EEG measures potential differences across cortical points over time. Therefore, in an EEG experiment, we will have multiple time series from different parts of the cortex with different information about the neural circuits.

EEG time series from multiple channels example. Image by the author.Location of the channels from the example above. Image by the author.

In order to handle EEG data and apply ICA correctly, we’re going to use MNE ( a library for EEG data handling and analysis). Also, we will use data collected by Prof. João Sato at the Federal University of ABC, which is available on GitHub.

import pandas as pd
import seaborn as sns
import matplotlib.pyplot as plt
import numpy as np
import mne as mne

eeg = np.loadtxt(‘/Users/rodrigo/Post-Grad/Disciplines/Neural Signaling Processing/Aula_3/restEEG/OlhosAbertos.txt’)
canais = pd.read_csv(‘/Users/rodrigo/Post-Grad/Disciplines/Neural Signaling Processing/Aula_3/restEEG/NOMEScanais.txt’, dtype=’str’, header=None)

# Sampling frequency 250Hz:
Hz = 250

eeg = pd.DataFrame(eeg, columns=canais.iloc[:,0].values)
eeg[‘Time(s)’] = np.arange(0, (1/Hz)*len(eeg), 1/Hz)

Creating MNE EEG object.

# Creating MNE object
mne_info = mne.create_info(

mne_raw = mne.io.RawArray(eeg.iloc[:,:-1].values.T, mne_info)

# Defining the electrodes architecture
standard_1020 = mne.channels.make_standard_montage(‘standard_1020’)

In order to extract just important features, we need to filter the time series to exclude high ( > 120 Hz) and low ( < 4 Hz ) frequencies related to artifacts and noise, and also 60Hz contribution from the environment power line.

# Set filter parameters
lowCut = 4 # Hz
highCut = 120 # Hz
freqNotch = 60 # Hz (eletric interference from the enviroment)

# Apply bandpass and notch filter
mne_raw.filter(lowCut, highCut, fir_design=’firwin’)
mne_raw.notch_filter(freqNotch, fir_design=’firwin’)

Now, the data is ready to go through ICA.

ica_obj = mne.preprocessing.ICA(

ica = ica_obj.get_sources(mne_raw).get_data()

ica_obj.plot_components(picks=None,show=True, inst=mne_raw)

The ICA coefficients are used as a proxy to identify spatial contribution to the signal component.

Illustration of the procedure to associate values to spatial regions for each component. Image by the author.

Therefore, it’s possible to create heat maps for each component.

ICA components. Image by the author.

The first component is the eye blink movement contribution to the signal. As we expected the contribution is greater in electrodes closer to the eyes. It’s also possible to see more deeply the time/frequency information of the component.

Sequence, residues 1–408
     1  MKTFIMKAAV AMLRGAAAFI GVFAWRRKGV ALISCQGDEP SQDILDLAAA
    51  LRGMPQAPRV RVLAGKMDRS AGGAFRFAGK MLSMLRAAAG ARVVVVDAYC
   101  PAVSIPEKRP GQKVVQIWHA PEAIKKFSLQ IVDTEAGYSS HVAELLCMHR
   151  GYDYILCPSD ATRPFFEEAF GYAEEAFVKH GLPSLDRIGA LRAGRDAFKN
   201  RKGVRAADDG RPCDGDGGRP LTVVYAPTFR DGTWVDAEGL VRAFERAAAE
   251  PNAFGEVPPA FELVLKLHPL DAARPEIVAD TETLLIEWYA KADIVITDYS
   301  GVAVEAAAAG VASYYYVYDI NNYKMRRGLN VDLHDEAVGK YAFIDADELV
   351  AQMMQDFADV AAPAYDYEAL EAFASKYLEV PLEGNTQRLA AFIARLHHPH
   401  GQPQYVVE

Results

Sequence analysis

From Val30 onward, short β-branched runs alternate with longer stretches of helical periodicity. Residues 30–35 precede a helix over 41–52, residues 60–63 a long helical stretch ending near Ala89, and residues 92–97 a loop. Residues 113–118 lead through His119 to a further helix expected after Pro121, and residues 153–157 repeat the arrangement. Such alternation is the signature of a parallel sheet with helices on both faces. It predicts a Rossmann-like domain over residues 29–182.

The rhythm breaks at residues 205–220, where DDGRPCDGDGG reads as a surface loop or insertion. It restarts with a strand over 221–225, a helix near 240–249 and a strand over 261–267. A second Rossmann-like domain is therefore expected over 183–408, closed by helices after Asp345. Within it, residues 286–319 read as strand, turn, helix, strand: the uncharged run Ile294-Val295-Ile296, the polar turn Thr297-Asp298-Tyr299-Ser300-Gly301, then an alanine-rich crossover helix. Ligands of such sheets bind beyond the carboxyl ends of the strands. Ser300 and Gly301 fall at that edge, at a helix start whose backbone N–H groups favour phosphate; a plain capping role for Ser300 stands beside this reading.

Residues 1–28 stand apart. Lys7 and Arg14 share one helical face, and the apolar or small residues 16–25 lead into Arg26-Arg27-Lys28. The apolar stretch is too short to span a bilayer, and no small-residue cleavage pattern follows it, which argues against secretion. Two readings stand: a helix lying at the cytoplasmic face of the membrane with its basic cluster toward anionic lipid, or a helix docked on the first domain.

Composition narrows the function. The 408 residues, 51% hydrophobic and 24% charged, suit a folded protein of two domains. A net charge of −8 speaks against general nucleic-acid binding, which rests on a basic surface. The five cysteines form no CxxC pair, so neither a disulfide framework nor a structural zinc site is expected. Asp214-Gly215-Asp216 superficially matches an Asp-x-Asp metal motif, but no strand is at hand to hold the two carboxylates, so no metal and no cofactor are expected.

ICA first component time/frequency information. Image by the author.

Now, to remove the blink movement artefact from the data, we just reconstruct the signal without this specific component. This means recovering the time series without the patterns associated with the artifact.


In conclusion, Independent Component Analysis (ICA) is a powerful data-driven tool, that assumes non-gaussian data and linear relationships between source and signals to seek statistically independent components. ICA allows us to separate different contributions to the data, making it particularly useful in scenarios where noise or unwanted signals need to be isolated. In the case of EEG data, ICA can identify and remove motion artifacts like eye blink movements, which can contaminate the neural signal.


It’s important to remark that ICA is a powerful tool that should be used with caution. Data-driven methods, do not assume any prior knowledge about the system. Therefore, confusion and spurious conclusions are common, making it essential to check for the requirements and evaluate the results with attention.


This project was inspired by Prof. João Ricardo Sato.

The notebook for this article is available here.


[1] Hastie T, Tibshirani R, Friedman J, Hastie T, Tibshirani R, et al.. (2009) Basis expansions and regularization. In: The Elements of Statistical Learning, New York, NY: Springer New York, Springer Series in Statistics.

[2] Mennes M, Wouters H, Vanrumste B, Lagae L, Stiers P. (2010).Validation of ICA as a tool to remove eye movement artifacts from EEG/ERP. Psychophysiology. 2010;47(6):1142–1150. doi:10.1111/j.1469–8986.2010.01015.x

The Power of Independent Component Analysis (ICA) on Real-World Applications — EGG Example was originally published in Towards Data Science on Medium, where people are continuing the conversation by highlighting and responding to this story.